By contrast, Abigail Hill (Emma Stone) has no interest other than not going back to the scullery. Which, who could blame her, but the cynical disinterest in policy, the refusal to even countenance that her actions will have consequences, is not driven home until the last scene, when it becomes clear what she has bought herself. The ending is dour to the point of being anticlimactic.

But that’s what happens when you try to do history, which gives us very few third-act turnarounds. In real life, the Churchills were disgraced, the war party-Whigs sent packing, and peace with France was negotiated. The Churchills lost, and Anne died a few years later. That was how it was, and the film finds a poignant if irretrievably current way to express that. Peace to all of them, and to the shades of them we conjure up on film, just for good measure.

It’s Only Words, And Words Are All I Have

This is the pure truth. Stylistic choices are not Divine Commands.

Mad Genius Club

We are writers.  That means our tools of the trade are words.  Most of us — but not all — are more fascinated with words than we should be.

So, why is it most writing books say nothing about words, except perhaps for telling you things like “eschew all adverbs” (they’re wrong) and for the more extreme “eschew all adjectives” (they’re even more wrong) and for the idiots who imbibed the aesthetic without understanding it (older kid had an English teacher who suffered of this) “avoid pronouns.”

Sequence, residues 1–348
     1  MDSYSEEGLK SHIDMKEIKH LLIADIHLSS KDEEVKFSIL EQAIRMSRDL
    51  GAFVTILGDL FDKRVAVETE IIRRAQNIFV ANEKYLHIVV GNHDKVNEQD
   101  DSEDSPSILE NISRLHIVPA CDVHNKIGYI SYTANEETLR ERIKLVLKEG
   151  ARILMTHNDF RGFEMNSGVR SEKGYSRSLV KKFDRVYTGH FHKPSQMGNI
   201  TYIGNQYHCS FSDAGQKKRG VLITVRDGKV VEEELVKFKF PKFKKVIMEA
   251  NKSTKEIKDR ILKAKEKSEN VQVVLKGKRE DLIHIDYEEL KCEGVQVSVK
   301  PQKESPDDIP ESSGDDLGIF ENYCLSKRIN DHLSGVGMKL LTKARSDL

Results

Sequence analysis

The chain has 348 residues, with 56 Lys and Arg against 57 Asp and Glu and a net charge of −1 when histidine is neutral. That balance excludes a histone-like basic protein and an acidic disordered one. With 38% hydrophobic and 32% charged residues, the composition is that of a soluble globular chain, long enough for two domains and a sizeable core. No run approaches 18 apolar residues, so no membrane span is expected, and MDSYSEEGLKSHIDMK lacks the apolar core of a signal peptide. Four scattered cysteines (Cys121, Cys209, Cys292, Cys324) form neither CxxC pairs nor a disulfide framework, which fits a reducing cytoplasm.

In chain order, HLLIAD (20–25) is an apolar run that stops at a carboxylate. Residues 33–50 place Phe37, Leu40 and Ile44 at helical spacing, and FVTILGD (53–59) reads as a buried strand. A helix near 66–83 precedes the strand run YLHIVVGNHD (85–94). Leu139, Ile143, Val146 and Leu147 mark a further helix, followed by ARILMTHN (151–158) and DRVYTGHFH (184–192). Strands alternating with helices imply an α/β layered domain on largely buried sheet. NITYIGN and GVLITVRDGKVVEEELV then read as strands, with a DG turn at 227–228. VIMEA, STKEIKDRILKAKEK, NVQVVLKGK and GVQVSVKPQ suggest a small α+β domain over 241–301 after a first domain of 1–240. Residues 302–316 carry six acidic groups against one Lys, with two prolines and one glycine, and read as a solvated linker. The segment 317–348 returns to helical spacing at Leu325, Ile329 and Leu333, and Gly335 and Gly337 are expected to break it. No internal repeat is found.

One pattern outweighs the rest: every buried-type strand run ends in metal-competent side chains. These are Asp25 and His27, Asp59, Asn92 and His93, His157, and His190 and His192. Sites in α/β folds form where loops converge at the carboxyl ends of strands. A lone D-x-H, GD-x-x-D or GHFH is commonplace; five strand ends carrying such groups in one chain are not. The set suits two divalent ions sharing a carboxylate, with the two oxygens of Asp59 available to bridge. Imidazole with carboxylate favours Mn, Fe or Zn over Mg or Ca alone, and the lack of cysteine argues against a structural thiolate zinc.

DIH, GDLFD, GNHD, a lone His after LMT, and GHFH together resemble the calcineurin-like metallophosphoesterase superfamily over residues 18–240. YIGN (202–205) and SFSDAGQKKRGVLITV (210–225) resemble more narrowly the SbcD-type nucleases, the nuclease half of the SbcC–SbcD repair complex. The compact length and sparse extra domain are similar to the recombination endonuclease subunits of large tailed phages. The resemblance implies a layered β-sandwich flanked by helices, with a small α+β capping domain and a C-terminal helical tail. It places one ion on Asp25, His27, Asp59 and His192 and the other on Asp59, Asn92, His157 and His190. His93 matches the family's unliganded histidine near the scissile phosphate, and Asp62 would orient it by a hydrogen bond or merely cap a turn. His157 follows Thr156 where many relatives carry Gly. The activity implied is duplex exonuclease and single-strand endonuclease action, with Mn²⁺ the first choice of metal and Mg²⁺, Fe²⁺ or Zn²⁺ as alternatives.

Because they really can’t tell you much about what good writing is at the word level.  Because it’s a matter of personal taste and a matter of fashion.

View original post 1,756 more words

Don’t Blog. Write!

This is a useful reminder…

The Art of Blogging

I know what you’re thinking.

But I am just a blogger.

First of all, I suggest you give up on the “just.” You’re not just a blogger. You’re the blogger. A blogger. But never just.

Secondly, there’s a bit of writer in you, even though – out of fear – you try to deny it. I know this because you’re reading this post, so you must be a writer. I also know that you are afraid of thinking of yourself as one.

Well… what if I were to tell you that there’s this one thing you need to change, and then you’ll be proud to call yourself a writer?

Would you believe me?

One small thing, that’s all it takes. And then you’ll be a writer for the rest of your life.

View original post 248 more words